Doing business in a global economy

29th March 2011 by Malcolm McGready

Over the years I have been fortunate to work with a number of businesses who have traded successfully overseas. As the UK’s fortunes depend increasingly on the global economy, expanding overseas can be a golden opportunity for many companies. Like all things this expansion needs to be properly managed. One of the areas I see companies can struggle with is international tax. If not properly thought through, this can prove to be a troublesome and costly problem. Below, I highlight some common areas that I regularly come across:

• Controlled foreign companies: Setting up an overseas company in a lower tax jurisdiction may seem an attractive proposition. However, the controlled foreign company rules seek to tax the corporate shareholders on the profits of certain companies that are controlled from the UK (though there are exemptions to be considered first).
• Permanent establishment: A simpler route might be to establish a sales office or branch overseas. Where your footprint in another country is considered to be a permanent establishment, a portion of the profits it earns may be taxed in the overseas jurisdiction.
• Residence: While you operate an overseas company, if the trade is effectively managed and controlled from the UK it may be considered tax resident in the UK in any event. As well as documentation that may be in place, HMRC will also look at the facts of how the business is actually run to establish whether or not it is UK resident.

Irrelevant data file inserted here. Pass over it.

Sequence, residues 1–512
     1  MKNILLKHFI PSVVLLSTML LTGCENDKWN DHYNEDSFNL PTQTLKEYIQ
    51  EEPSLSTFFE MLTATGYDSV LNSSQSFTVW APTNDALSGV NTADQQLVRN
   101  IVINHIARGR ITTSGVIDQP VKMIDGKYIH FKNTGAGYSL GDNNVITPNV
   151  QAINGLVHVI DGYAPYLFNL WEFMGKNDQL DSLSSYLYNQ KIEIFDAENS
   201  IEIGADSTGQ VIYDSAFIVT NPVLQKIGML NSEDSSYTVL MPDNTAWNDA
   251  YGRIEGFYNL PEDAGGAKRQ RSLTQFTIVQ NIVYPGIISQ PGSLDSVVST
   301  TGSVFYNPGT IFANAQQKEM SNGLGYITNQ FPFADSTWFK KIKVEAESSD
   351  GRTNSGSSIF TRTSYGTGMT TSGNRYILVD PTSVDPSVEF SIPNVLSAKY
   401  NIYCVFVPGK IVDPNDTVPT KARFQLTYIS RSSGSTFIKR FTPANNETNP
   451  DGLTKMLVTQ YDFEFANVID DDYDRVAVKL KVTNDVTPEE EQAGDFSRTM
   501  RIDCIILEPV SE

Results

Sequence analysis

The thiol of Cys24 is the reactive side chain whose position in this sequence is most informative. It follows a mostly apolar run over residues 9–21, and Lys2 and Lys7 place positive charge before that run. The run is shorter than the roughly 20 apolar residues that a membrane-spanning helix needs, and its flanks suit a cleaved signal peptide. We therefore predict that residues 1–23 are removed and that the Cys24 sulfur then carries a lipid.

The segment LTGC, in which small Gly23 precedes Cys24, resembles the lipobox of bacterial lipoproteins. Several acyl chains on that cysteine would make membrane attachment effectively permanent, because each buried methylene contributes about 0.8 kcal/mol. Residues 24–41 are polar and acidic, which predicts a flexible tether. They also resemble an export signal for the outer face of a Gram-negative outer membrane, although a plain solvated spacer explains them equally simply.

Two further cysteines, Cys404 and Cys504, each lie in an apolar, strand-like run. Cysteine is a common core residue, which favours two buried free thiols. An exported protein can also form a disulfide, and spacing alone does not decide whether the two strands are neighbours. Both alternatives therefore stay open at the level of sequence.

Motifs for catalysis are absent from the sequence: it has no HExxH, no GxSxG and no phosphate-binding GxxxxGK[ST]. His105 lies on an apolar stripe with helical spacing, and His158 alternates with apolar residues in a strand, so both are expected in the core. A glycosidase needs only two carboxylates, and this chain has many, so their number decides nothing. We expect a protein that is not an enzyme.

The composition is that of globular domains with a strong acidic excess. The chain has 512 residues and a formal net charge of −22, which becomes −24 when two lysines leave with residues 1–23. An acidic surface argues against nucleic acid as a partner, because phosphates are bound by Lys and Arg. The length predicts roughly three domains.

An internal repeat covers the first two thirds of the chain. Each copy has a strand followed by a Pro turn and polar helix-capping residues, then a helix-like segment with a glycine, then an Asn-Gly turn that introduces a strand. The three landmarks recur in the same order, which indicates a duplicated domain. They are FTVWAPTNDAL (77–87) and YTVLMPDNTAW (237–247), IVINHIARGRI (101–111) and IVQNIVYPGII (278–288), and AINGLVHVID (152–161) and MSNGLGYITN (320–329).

• Transfer pricing: The prices charged across borders between related companies can dramatically alter the profits arising in each company. Many jurisdictions, including the UK, have in place transfer pricing regulation which follow the ‘arms length’ pricing principle and include a duty to maintain transfer pricing records.
• Repatriation of profits: There are a variety of ways that a company may do this (such as dividend) but tax may be levied in both the country of origin and the UK, potentially with a tax credit in the UK for the foreign tax. But do not assume that you will always get full relief automatically for any double tax and note new rules affecting corporate shareholders.

When you’re planning to trade overseas these matters may not intuitively spring to mind. However, getting them wrong can be both burdensome and costly. Indeed, understanding the tax position is a vital ingredient to any business case. Early attention to these matters will make sure you avoid any pitfalls.


Author

Malcolm McGready

Malcolm McGready

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